I’ve been sitting with this volunteer word in an attempt to understand what it means, where it comes from, and how it seems to stand above the single principle on which I was raised, and its effect in this day and age.
Growing up, we are taught the principle of Ubuntu, ‘I am because you are’. This means the continuous extending of self for the other, this means that, people ‘volunteer’ to be more than their individual lives, that they ‘volunteer’ their time and efforts for the greater good of humanity, the reminder that my every effort to make you succeed and hold space with you, creates the world we want to live in tomorrow.
And so there I was, paging through recent days of,
Conservation looking new, and the coined word, now looking like one,
Veganism looking new, and the coined word, now looking like one,
Volunteering and volunteerism looking new and looking like one, and most recently, listening in as the statement ‘it takes a village to raise a child’, was used almost as though it was new and coined by one.
These luxuries have often been the only way that Black people could survive in the midst of the many worlds of subjugation and oppression. The re-inventing and essentially, gentrifying of these words, in whichever way you use them, perhaps we could look to acknowledge where they come from too, and in whatever expansion is added to, acknowledge where it comes from.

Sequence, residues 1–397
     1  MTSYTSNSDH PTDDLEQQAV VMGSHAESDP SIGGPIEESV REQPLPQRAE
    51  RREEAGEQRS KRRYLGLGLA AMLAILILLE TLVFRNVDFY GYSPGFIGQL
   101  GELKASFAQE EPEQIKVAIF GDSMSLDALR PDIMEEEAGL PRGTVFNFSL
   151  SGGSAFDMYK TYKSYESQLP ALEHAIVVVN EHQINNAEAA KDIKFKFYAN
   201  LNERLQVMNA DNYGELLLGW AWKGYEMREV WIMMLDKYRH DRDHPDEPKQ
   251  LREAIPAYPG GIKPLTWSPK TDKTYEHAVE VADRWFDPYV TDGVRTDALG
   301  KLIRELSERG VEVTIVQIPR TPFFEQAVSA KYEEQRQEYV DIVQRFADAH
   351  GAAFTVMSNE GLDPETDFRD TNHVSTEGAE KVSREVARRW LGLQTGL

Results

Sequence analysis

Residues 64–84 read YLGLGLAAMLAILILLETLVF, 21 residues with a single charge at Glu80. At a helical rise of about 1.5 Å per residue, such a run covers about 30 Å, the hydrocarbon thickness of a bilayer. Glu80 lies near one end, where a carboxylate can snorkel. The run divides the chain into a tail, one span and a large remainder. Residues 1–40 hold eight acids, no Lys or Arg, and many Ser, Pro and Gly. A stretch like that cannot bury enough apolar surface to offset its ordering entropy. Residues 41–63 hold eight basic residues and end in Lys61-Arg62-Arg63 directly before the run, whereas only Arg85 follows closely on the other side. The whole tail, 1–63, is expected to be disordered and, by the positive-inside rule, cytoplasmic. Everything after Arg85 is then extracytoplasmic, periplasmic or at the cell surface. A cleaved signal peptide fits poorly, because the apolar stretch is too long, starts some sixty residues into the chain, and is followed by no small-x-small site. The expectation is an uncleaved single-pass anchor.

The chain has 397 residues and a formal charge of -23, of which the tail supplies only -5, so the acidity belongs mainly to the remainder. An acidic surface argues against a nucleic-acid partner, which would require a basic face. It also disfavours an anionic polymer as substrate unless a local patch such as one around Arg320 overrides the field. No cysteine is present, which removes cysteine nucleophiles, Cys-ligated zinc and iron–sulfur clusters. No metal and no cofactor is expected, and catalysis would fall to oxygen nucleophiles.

As Ocean conservation is beginning to have the conversation that includes the Ocean facing communities and are now looking to save oceans and its people,I hope this is the baseline through which we engage, acknowledging what is and has always been, and then collaborating towards an end that belongs to both.
Rose Santana was born in Dominican Republic and moved to Germany. As a child she would always go out to sea with her grandfather who was a fisherman and eventually earned a Bachelors degree in Biotechnology.
She knew what she really wanted was to study the ocean though, so eventually she moved to Miami, Florida and earned her second Bachelors degree in Marine Biology.
She was the President of her schools chapter of the Society of Women in Marine Science and eventually was selected to participate in a 21-Day research expedition in the Canadian Arctic, where she used drones and ROVs to look at ice formations. Currently she is the lab manager of the Aquatic Ecology and Ecotoxicology laboratory at Florida International University, where she studies the effects of metal contaminants on fish behavior, primarily predator-prey interactions.
Happy New Week everyone!